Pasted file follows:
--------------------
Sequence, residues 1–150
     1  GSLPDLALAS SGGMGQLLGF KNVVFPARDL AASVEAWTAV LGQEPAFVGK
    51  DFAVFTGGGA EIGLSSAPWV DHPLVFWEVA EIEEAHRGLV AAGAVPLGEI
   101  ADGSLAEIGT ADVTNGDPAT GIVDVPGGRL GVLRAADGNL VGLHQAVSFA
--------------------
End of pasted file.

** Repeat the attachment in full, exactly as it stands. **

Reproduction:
Sequence, residues 1–150
     1  GSLPDLALAS SGGMGQLLGF KNVVFPARDL AASVEAWTAV LGQEPAFVGK
    51  DFAVFTGGGA EIGLSSAPWV DHPLVFWEVA EIEEAHRGLV AAGAVPLGEI
   101  ADGSLAEIGT ADVTNGDPAT GIVDVPGGRL GVLRAADGNL VGLHQAVSFA